Rich Howells

ARCHIVES: Scranton filmmaker tells actor Jason ‘Miller’s Tale’ in upcoming documentary

ARCHIVES: Scranton filmmaker tells actor Jason ‘Miller’s Tale’ in upcoming documentary
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Rebecca Ferris, like many people in Scranton, knew actor/playwright Jason Miller years before his untimely death in 2001. What puzzled her, though, was why the actor surrendered his virtually overnight national success for regional theatre and the quiet life of his hometown. It’s a question that many have asked over the years, so Ferris decided to find out using the very medium he became known all over the world for – film.

As a child, Ferris remembered the buzz around Scranton when Miller first returned to the area, and she recalled people pointing him out to her excitedly. In high school, her drama teacher knew Miller and he often came to her classes to coach the students. In college, she worked with the “larger-than-life” actor on a student film called “Birthday.”

“I was so intimidated and scared. It was the first time I was behind the camera as a director, and here’s this Oscar-nominated actor, who has this incredible talent, and I’m directing him,” Ferris said.

“I really thought that he was going to be directing me in how to make this film, but that wasn’t the case at all. He was just so gracious.”

After he passed away, Ferris wanted to make a short film about a bronze bust that fellow actor and friend of Miller, Paul Sorvino, was commissioned to sculpt by the city of Scranton for display on Courthouse Square. Once she started filming, however, she realized that there was more to Miller’s story than a short could convey.

The film eventually became “Miller’s Tale,” a documentary that took over six years to produce. The movie, produced by Ferris’ production company, Cottage Films, covers Miller’s triumphs – his Pulitzer Prize win for his Broadway play, “That Championship Season,” and his iconic role as Father Damian Karras in the Oscar-winning film “The Exorcist” – as well as his private descent into alcoholism.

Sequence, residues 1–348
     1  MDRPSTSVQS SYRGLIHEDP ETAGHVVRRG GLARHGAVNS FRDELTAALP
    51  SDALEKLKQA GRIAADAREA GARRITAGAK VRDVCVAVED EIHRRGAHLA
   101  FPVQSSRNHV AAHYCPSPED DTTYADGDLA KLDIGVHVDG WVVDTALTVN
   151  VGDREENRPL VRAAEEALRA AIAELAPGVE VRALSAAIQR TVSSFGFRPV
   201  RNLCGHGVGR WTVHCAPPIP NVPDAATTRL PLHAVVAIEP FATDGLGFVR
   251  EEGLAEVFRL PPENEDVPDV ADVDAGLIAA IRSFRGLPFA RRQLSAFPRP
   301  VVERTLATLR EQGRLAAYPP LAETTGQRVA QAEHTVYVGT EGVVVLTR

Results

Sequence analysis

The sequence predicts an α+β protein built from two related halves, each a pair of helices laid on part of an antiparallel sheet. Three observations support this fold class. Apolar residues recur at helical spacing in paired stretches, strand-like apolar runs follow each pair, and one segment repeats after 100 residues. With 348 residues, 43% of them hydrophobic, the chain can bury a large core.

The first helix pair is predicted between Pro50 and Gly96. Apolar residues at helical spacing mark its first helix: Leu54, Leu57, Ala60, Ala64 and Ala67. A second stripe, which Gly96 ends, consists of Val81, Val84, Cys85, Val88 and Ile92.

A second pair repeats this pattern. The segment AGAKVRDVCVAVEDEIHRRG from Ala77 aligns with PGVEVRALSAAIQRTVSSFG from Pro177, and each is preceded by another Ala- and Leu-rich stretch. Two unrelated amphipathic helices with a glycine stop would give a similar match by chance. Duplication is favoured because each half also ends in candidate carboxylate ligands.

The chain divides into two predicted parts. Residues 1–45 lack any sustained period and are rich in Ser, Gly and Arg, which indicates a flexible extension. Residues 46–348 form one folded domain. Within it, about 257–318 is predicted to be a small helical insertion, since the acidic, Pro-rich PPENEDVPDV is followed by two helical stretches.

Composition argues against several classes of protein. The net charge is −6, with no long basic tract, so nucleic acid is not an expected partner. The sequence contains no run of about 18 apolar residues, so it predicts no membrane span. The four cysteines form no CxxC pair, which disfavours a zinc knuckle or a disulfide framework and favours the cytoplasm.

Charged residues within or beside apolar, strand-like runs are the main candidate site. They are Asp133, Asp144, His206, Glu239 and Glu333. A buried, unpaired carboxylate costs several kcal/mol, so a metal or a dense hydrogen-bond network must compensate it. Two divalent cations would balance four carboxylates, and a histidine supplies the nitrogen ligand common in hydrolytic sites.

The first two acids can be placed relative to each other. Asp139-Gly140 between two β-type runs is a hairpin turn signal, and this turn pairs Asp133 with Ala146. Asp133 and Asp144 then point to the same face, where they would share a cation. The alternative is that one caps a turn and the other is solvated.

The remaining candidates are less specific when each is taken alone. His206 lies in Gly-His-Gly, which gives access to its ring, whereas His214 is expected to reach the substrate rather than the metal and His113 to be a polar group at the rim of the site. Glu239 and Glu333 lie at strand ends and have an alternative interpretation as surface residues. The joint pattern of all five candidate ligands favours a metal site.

His genuine humbleness, talent, and kindness, however, shines through most of his tale, told through years of interviews with stars like Martin Sheen and Stacy Keach, and local citizens, many of them actors who were touched by his honest sincerity.

“He had this ability to really dig into people’s hearts and souls and just understand them. Walk into Farley’s [Eatery & Pub in Scranton] and you’ll find that one of the greatest nights of their lives was sitting at the bar, having a conversation with Jason Miller,” Ferris said.

“It wasn’t because he was a celebrity – it was because he really had this intensity about him and just drew people in and made them discover things about themselves that they didn’t even know they had.”

While the movie is very much Miller’s story, it’s Ferris’ as well. The film is narrated and told from her perspective and, during the course of its production, she fell in love with and married Jason Ferris, the cinematographer and one of the executive producers of “Miller’s Tale.”

The couple, now living in New Orleans, recently returned to Scranton for three weeks to finish the film that they’ve been working on for their entire relationship. Funded by many local grants and the Independent Television Service, it is now in post-production, and they are working with WVIA-TV to have the film aired on PBS in the near future. They would also like to have screenings in Scranton as well, appropriate to remember a man so dedicated to local theatre.

Despite her own diehard dedication to the project, Ferris said that she’s still not sure if she found all the answers she was seeking when she first started shooting, but she was able to get a bigger picture of what kind of man he was.

“He has this incredible talent, and I don’t know if he didn’t know what to do with it or if he didn’t enjoy the spotlight or what. I think that he tried to make other people shine in a way that maybe he was afraid to himself,” Ferris explained.

“I also think, when he came back, he saw an opportunity to do something very constructive here. He had a very clear idea of what he wanted to do with regional theatre, and he was very effective and passionate in doing that,” Jason Ferris added.

His short but significant legacy still clearly lives on today. Movie star Liev Schreiber announced in June his intention to return to Broadway for a revival of “That Championship Season,” and Fathom Events will be broadcasting via satellite an extended director’s cut of “The Exorcist” for one night only on Thursday, Sept. 30 to select theaters, including Cinemark in Moosic at 7 p.m. and 10:30 p.m.

From the Archives reprints articles written by NEPA Scene founder Rich Howells before this website was established and backdates them to their original publication date.